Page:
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US: Aviation

Mike Sullivan writes: "I hope Hank Levin realizes the USAF is an air force that flies aircraft. In the military to fly an aircraft you must be an officer. The figures are high in the Navy and Army for the same reason. The Army actually has more aircraft (mainly helos with two pilots flying them) than the USAF. The Marines have a much smaller air force than the other services (20% the size of the Navy's) and are primarily geared to ground combat (70%), with aviation as a supporting arm and not the main offensive thrust. As for the Officers Clubs, today most bases have an "All Ranks Club", instead of separate clubs, It consists of a common kitchen and separate areas in the same building for officers, SNCOs and enlisted to socialize. This is happening with new construction as the older clubs, many pre WW II, are being torn down as they are in such sad shape. Here at Cherry Point the Enlisted Club has been closed for at least 10 years and replaced with a Special Services (MCCS) restaurant. The SNCO Club was closed a few months ago except for special function, and the Officers Club is serving as an all ranks club where anyone can come for lunch or dinner. Lunch is served only five days a week, dinner maybe on Friday night if enough sign up, and an all ranks brunch on Sunday. All of this is caused by the fact that in all services the clubs are losing money. They used to receive appropriated funds to help defray expenses, but those funds were taken away, and now the clubs most make a profit on their own merits with dues and pricing. When I was a junior officer, our social life centered around the O' Club with three meals a day, seven days a week and all sorts of social functions. They made money and esprit de corps prevailed. Everyone belonged to the clubs in those days. Today at Cherry Point only 40% of the officers belong, and more retired military and civilian employees belong than active duty military. As the military expanded during WW II there were many millions under arms so the clubs grew and prospered, especially, in remote areas like Cherry Point. Now these areas have all grown and communities have built up around the bases so there are a lot better choices than going to the O'Club, where the prices are high and the quality not as good as it used to be. In the modern era with the cutting of military personnel between 1990 and 2003 of nearly one million persons (2.1 million to 1.3 million today) it's very hard for these clubs to make a profit as the business just isn't there. Military personnel work longer hours today because of the large personnel cuts, and new equipment has not caught up with them yet, are deployed more often than in the past as we have more commitments and less people and, in many cases, they can't find the time to eat during normal meal hours (enlisted get commuted rations, which is cash in lieu of meals). The myth that the officers are hiding and being entertained in the Officers Clubs is right out of the anti-war handbook. What Hank says about a large number of civilian employees in the military is correct, but they don't go to war and are supposed to be doing jobs at the Pentagon and other places that the military doesn't do. Some are political appointees and others are civil service workers doing mainly "bean counting", personnel management and budgets. Some are highly educated, but many do not have a college degree just like the military. They have been taking their personnel cuts right along with the military. The high tech equipment now being used, from computers to weapons systems, is releasing excess manpower and numbers of weapons systems procured. Examples are the new KC-130J Hercules has only a pilot, co-pilot and loadmaster. while before it also carried a navigator, a flight engineer and a radioman. They are now reducing F/A-18 Hornet squadrons to 10 aircraft instead of 12, as 10 aircraft can now do the job it used to take 12 to do. So the military is making strides to become more efficient and cost effective".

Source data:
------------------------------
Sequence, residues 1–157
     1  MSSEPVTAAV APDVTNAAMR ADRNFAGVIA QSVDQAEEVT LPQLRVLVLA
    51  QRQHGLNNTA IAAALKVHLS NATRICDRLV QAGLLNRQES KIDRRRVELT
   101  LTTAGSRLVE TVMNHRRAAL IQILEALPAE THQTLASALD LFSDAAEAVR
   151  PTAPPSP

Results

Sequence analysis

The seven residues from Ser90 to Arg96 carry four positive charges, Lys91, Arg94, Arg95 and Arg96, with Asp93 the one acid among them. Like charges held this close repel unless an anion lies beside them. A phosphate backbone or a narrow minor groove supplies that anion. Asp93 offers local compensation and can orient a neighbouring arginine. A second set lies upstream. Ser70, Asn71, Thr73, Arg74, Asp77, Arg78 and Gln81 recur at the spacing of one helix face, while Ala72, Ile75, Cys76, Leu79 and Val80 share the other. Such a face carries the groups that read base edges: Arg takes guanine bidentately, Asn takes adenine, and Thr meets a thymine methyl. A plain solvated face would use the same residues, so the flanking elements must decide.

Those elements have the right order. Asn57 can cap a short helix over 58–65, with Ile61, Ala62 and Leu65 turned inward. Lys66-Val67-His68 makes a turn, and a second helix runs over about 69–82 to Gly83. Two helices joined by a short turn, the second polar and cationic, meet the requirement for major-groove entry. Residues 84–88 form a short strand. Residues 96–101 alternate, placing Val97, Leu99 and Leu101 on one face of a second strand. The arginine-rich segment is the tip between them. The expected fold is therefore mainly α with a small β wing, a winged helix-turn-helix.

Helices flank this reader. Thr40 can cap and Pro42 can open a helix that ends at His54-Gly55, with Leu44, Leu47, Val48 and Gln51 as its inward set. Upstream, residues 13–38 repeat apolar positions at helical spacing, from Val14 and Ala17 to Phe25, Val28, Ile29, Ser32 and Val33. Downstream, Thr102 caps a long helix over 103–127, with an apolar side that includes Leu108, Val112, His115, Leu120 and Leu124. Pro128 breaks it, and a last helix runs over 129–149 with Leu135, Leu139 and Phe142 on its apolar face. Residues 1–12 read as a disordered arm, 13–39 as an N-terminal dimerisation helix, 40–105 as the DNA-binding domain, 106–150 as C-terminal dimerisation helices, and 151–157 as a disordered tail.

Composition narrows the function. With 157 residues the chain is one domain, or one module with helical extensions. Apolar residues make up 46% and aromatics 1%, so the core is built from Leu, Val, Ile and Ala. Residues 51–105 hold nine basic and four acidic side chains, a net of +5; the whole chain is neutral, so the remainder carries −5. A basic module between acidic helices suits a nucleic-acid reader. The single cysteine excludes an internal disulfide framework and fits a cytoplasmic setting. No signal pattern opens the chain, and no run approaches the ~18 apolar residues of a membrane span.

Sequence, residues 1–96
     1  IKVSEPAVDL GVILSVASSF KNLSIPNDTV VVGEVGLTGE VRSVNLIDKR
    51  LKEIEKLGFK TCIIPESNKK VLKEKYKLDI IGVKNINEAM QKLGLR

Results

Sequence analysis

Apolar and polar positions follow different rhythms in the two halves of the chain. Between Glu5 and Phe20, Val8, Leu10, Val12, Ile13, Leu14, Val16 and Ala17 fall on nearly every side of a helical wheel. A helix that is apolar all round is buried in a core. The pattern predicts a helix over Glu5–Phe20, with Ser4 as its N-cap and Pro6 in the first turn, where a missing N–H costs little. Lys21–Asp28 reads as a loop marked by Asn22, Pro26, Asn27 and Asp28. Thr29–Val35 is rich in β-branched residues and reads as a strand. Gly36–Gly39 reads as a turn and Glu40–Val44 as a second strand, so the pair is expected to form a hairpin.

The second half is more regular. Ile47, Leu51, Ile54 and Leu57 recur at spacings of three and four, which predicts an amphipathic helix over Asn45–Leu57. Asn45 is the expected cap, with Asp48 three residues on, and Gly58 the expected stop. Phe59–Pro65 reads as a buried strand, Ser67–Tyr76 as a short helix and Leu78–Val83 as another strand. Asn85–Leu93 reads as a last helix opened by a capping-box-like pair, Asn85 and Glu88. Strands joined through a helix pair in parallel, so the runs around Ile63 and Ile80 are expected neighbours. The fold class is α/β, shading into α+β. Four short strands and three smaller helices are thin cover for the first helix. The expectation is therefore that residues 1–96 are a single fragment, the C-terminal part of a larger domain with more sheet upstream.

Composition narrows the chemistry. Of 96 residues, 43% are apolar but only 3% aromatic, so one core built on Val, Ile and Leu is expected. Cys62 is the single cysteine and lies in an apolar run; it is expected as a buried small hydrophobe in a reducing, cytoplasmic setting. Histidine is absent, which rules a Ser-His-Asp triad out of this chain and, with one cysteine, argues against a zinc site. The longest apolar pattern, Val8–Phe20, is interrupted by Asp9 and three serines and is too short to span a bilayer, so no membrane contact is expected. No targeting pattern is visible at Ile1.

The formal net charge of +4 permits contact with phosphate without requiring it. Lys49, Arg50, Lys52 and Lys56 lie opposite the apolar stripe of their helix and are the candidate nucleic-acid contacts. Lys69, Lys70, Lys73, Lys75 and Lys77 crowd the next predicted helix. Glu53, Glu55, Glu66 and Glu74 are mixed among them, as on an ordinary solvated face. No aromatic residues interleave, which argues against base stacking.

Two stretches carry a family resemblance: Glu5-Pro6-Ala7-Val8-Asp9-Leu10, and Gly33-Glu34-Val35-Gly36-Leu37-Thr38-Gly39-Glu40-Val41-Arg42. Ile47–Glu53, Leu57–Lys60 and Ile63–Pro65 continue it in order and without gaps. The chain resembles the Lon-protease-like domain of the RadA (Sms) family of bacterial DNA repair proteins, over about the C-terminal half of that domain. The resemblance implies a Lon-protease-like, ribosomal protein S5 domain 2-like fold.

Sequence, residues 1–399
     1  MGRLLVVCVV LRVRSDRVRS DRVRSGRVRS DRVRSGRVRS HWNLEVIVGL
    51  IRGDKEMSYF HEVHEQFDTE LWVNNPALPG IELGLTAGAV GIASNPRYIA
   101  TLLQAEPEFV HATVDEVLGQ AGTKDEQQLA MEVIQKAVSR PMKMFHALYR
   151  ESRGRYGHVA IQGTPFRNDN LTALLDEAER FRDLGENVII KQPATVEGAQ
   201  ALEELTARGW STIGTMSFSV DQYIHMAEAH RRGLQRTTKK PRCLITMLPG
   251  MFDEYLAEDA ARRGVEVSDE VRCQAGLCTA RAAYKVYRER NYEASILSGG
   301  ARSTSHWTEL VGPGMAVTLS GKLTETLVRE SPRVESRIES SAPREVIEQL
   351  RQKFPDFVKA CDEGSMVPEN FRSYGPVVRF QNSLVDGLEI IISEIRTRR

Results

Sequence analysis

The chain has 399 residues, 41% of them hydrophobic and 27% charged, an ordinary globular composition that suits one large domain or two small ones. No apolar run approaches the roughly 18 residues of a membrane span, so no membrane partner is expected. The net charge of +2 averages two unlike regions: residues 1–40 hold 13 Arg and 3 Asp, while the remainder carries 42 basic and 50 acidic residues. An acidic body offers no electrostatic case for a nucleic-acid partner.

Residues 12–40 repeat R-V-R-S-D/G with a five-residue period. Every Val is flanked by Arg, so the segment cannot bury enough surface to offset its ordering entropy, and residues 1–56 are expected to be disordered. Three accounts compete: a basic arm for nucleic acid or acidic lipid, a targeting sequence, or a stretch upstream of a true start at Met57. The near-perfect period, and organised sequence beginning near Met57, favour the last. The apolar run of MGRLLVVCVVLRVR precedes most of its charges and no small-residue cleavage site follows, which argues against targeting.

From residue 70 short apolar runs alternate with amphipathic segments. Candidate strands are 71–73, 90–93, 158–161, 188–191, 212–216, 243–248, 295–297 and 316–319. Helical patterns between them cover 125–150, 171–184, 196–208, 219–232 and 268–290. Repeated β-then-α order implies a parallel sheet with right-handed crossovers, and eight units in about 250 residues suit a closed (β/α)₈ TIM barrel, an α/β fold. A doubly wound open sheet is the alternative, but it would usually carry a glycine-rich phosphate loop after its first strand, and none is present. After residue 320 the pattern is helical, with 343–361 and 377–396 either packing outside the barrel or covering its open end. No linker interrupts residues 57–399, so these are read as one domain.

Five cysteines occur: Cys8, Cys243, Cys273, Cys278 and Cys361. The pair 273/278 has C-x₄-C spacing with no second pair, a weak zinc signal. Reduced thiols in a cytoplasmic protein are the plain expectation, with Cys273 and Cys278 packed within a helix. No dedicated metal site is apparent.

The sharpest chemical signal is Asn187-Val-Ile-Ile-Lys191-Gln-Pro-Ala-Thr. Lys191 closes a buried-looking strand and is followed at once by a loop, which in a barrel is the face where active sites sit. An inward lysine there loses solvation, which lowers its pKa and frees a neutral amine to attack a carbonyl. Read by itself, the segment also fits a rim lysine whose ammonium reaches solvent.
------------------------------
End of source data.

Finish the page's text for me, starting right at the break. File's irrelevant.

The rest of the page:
Ronald Hilton - 1/25/03